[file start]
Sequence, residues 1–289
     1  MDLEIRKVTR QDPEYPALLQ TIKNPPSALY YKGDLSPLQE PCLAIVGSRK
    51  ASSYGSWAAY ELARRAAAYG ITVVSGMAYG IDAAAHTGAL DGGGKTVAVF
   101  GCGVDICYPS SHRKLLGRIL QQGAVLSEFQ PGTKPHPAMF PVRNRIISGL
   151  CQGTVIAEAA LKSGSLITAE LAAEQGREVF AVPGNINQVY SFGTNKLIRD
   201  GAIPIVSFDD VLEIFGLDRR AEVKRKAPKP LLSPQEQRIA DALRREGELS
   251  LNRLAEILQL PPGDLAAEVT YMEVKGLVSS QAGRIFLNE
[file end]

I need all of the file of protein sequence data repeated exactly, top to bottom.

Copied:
Sequence, residues 1–289
     1  MDLEIRKVTR QDPEYPALLQ TIKNPPSALY YKGDLSPLQE PCLAIVGSRK
    51  ASSYGSWAAY ELARRAAAYG ITVVSGMAYG IDAAAHTGAL DGGGKTVAVF
   101  GCGVDICYPS SHRKLLGRIL QQGAVLSEFQ PGTKPHPAMF PVRNRIISGL
   151  CQGTVIAEAA LKSGSLITAE LAAEQGREVF AVPGNINQVY SFGTNKLIRD
   201  GAIPIVSFDD VLEIFGLDRR AEVKRKAPKP LLSPQEQRIA DALRREGELS
   251  LNRLAEILQL PPGDLAAEVT YMEVKGLVSS QAGRIFLNE